Almost all the relations discussed above make no reference to the possibility that--even in the absence of common-practice tonal conventions--works may project a focus on certain pcs, privileging them above other members of the aggregate. It is clear, however, that a good deal of 20th-century music does indeed project what is sometimes called pc centricity; the music of Stravinsky, Bartók, and Debussy comes easily to mind here. This focus of certain pcs can be addressed with pc set analysis, for example, by noting pc invariance among different sets.
Analysts also learn to keep their eyes (ears!) open for certain referential set classes with "tonal" associations. For instance, the diatonic scale (class 7-35 (013568T)), the diatonic octachord (8-23 (0123578T)) and the octatonic scale (8-28 (0134679T)), as well their subsets, are all prominently represented in Stravinsky's music. They have associations with common-practice pitch structures. The ways in which these materials are used sometimes reproduce features of common-practice music, while also projecting differences. For instance, the dominant-seventh-type arpeggios heard at the beginning of Stravinsky's Symphony of Psalms may sound familiar, but analysis suggests that Stravinsky is using these sets of class 4-27 (0258) in an octatonic rather than diatonic context. Conversely, the opening of Petrushka is recognizably diatonic in context, though the set of class 4-23 (0257) Stravinsky uses here is not a common structure in traditional Western tonal music.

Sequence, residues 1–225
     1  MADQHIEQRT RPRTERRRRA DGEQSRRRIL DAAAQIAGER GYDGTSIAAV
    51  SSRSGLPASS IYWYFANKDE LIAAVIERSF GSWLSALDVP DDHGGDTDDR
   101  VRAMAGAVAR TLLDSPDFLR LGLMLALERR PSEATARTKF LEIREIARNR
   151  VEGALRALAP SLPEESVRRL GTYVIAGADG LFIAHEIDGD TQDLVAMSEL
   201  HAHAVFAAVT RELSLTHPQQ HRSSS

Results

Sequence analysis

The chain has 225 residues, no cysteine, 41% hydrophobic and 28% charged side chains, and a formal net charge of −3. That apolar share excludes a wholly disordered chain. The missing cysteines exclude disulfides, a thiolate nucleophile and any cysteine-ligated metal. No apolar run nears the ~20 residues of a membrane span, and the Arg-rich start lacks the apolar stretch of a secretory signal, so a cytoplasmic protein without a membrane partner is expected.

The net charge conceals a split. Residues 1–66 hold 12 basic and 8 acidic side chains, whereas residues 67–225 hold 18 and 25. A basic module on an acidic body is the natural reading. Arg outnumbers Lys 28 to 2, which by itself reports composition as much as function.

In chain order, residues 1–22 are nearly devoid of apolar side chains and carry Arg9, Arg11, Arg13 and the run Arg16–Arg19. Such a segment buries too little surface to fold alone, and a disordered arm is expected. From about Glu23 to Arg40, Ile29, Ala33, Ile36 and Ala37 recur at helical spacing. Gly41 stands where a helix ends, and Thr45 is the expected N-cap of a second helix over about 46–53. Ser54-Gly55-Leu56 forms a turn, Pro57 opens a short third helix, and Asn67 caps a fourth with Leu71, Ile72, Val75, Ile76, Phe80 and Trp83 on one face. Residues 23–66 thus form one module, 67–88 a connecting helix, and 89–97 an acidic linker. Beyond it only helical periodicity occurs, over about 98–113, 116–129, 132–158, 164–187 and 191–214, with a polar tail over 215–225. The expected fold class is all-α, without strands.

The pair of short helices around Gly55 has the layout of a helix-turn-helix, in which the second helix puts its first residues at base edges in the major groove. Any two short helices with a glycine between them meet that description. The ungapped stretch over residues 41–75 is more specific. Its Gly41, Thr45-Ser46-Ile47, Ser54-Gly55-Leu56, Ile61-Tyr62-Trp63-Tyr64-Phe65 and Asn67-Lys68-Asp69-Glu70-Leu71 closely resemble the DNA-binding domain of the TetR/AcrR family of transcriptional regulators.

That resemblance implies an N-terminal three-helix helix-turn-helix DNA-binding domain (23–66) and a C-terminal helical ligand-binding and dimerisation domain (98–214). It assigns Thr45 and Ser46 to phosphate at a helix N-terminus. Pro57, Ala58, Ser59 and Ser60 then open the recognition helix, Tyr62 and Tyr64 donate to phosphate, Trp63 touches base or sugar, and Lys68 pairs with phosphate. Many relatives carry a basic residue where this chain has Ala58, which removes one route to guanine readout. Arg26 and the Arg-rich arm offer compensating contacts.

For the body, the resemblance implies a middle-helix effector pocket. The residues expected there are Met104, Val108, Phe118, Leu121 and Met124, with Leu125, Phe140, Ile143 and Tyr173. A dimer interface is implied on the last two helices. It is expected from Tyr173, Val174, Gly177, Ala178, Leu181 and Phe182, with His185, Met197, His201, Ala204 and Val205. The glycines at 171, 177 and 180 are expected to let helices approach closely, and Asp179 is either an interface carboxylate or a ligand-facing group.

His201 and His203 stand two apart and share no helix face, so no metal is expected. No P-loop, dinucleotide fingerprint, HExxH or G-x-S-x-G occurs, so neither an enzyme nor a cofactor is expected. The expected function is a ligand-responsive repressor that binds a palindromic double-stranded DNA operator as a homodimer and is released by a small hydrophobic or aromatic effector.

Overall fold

One of the most explored aspects of music early 20th-century music is whether or not music that projects pc salience or centricity is "tonal". Tonality has been defined in too many ways to answer this question definitively. Exploring the issue, however, has led to several attempts to combine pc set analysis with other analytical tools, especially with traditional harmonic analysis and with Schenkerian analysis.